The experienced naturalists who guide these interpretive tours are men and women with bachelor's—and in some cases, master's—degrees in biology, zoology, wildlife conservation and environmental sciences, among others.

The biologists are passionate about educating their guests about the Greater Yellowstone area's landscape, its wildlife and how it all comes together.

Their goal is also to make sure you get the most out of your wildlife tour. The Wildlife Discovery Expedition, an eight-hour tour, allows for a little less vehicle time and more time spent outside, looking at animals and birds in their native habitat with both the naked eye and through the scopes.

Beyond seeing wildlife, the naturalists will also discuss what political issues are going on regarding animals in the wild as well as conservation issues.

Even after they’re familiar with Jackson Hole, visitors to our valley swear by the guided expeditions.

“I keep doing the Teton Science Schools tours because I like the passion the biologists and tour guides have about the animals, the ecosystem and the history here,” Lewis said. “I never tire of their knowledge and stories.”

Quick Facts

Types of tours offered: Half-day sunrise and sunset, and full-day expeditions in both Grand Teton and Yellowstone national parks and the Jackson Hole area

Costs: $800 (up to 4 guests) for a private four-hour half-day to $1,200 (up to 9 guests) for full-day

What's included: Complimentary pick-up and drop-off at your hotel; free snacks, hot and cold beverages; personal binoculars; high-powered spotting scopes; maps, field guides and naturalist packets for kids; souvenir water bottle

What to wear: Layers, closed-toe shoes. In winter, warm boots, hats and gloves are suggested.

Contact: 877-404-6626

Website: wildlifeexpeditions.org

Wildlife Expeditions

Into the Wild in State-of-the-Art Vans

Wildlife Expeditions’ custom, safari-style vans feature three roof hatches and large sliding side windows for safe, ethical and unobstructed wildlife viewing. There is room inside the van for a maximum of just seven passengers—this allows for an intimate experience with the biologists.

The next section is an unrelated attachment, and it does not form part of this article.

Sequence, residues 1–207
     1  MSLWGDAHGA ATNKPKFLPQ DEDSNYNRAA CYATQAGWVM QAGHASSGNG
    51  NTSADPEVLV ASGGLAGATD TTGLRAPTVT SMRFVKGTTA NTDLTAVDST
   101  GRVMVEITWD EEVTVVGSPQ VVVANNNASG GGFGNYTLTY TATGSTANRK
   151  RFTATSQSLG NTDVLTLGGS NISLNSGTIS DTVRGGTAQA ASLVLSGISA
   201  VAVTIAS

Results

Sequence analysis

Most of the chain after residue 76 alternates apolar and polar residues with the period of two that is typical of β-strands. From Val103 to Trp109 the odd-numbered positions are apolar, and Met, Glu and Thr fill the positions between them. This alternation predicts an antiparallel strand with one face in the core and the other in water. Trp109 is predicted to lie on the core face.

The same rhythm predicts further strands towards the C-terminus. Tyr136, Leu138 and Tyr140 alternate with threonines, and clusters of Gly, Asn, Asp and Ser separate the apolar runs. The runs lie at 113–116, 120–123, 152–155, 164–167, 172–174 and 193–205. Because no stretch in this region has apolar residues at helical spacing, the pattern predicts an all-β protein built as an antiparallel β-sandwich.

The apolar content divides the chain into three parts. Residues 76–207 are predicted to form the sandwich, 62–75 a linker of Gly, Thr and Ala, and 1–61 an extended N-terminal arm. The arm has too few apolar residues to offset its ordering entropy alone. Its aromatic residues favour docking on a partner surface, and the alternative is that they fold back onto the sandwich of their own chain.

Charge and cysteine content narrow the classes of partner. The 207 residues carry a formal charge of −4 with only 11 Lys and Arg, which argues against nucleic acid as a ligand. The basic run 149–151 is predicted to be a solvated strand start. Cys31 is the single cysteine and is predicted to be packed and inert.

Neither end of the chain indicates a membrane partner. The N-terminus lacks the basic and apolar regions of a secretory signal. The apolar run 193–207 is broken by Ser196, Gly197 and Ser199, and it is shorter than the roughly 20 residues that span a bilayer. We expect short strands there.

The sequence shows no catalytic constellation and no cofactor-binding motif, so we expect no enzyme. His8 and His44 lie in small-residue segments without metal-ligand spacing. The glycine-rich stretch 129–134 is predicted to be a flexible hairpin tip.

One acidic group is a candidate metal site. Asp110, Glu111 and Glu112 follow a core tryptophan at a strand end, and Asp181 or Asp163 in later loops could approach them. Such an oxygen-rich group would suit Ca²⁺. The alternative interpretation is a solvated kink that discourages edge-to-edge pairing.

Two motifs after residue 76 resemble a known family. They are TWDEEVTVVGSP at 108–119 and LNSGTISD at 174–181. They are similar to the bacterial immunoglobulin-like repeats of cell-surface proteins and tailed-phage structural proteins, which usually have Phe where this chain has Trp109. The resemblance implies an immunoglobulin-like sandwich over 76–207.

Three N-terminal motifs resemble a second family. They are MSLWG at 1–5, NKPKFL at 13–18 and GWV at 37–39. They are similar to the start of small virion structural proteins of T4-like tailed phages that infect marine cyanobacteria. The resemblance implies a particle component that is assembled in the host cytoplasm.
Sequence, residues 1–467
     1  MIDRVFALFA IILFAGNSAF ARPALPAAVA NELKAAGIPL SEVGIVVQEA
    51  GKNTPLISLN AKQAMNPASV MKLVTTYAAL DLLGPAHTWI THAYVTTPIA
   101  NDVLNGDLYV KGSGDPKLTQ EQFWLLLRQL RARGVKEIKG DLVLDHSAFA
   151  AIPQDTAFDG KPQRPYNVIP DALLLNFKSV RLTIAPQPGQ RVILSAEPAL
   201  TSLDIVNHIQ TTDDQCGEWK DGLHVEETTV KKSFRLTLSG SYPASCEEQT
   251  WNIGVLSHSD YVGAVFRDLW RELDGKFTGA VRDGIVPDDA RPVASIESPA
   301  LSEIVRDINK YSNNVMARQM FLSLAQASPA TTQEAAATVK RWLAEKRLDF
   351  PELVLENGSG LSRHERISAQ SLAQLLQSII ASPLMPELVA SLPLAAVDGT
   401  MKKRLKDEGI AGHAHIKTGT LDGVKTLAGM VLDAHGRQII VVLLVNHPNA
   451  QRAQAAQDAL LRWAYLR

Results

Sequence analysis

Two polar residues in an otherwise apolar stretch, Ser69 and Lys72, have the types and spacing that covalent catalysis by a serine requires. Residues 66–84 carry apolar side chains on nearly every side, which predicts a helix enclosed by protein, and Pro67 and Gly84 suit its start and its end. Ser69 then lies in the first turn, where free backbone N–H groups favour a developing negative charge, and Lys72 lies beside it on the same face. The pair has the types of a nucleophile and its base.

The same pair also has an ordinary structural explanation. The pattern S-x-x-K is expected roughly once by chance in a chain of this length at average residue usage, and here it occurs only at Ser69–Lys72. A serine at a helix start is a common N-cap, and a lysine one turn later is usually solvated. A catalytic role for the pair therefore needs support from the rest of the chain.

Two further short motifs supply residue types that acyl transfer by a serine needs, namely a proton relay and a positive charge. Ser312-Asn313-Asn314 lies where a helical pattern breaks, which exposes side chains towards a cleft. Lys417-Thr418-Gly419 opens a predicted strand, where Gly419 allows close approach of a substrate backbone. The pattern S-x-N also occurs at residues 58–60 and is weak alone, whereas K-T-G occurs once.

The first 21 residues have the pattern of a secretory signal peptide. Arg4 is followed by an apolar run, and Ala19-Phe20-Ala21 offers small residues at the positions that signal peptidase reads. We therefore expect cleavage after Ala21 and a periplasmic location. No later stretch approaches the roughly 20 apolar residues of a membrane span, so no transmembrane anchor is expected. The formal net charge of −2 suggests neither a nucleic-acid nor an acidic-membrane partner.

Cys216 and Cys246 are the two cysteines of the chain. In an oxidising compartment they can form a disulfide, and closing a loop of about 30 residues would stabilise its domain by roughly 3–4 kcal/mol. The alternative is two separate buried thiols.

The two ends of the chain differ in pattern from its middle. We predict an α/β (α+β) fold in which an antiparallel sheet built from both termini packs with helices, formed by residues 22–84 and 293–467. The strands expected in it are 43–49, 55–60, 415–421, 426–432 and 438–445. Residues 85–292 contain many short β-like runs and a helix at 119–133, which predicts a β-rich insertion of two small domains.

And everybody gets his or her own window seat!

Also on board are complimentary coffee, tea, hot cocoa, soft drinks and snacks.

Families with younger kids are encouraged to take the sunset tours, especially in summer when the days may already be filled with other activities. In winter, when you might want to take a day off from the slopes, an all-day Yellowstone tour via snowcoach is a special treat.

People interested in more in-depth wildlife discovery will find that a full-day trip allows the guide the flexibility to visit other ends of the valley and—depending upon the time of year—different parts of Grand Teton National Park.

“I would say my three tips for watching wildlife in the winter are these: No. 1, dress warmly; No. 2, have good optics; and No. 3, be patient,” Ernst says.

“Keep watching the wildlife and wait for something to happen. Something wonderful almost always does.”

Wildlife Expeditions offers complimentary pick-up and drop-off at your hotel in Jackson or out in Teton Village. Arrangements can also be made to meet at the Home Ranch public parking lot in downtown Jackson off the Town Square.

Tour prices start at $139 per person for half-day tours and $235 for full-day expeditions. For information and to book a tour, call 877-404-6626, or visit wildlifeexpeditions.org.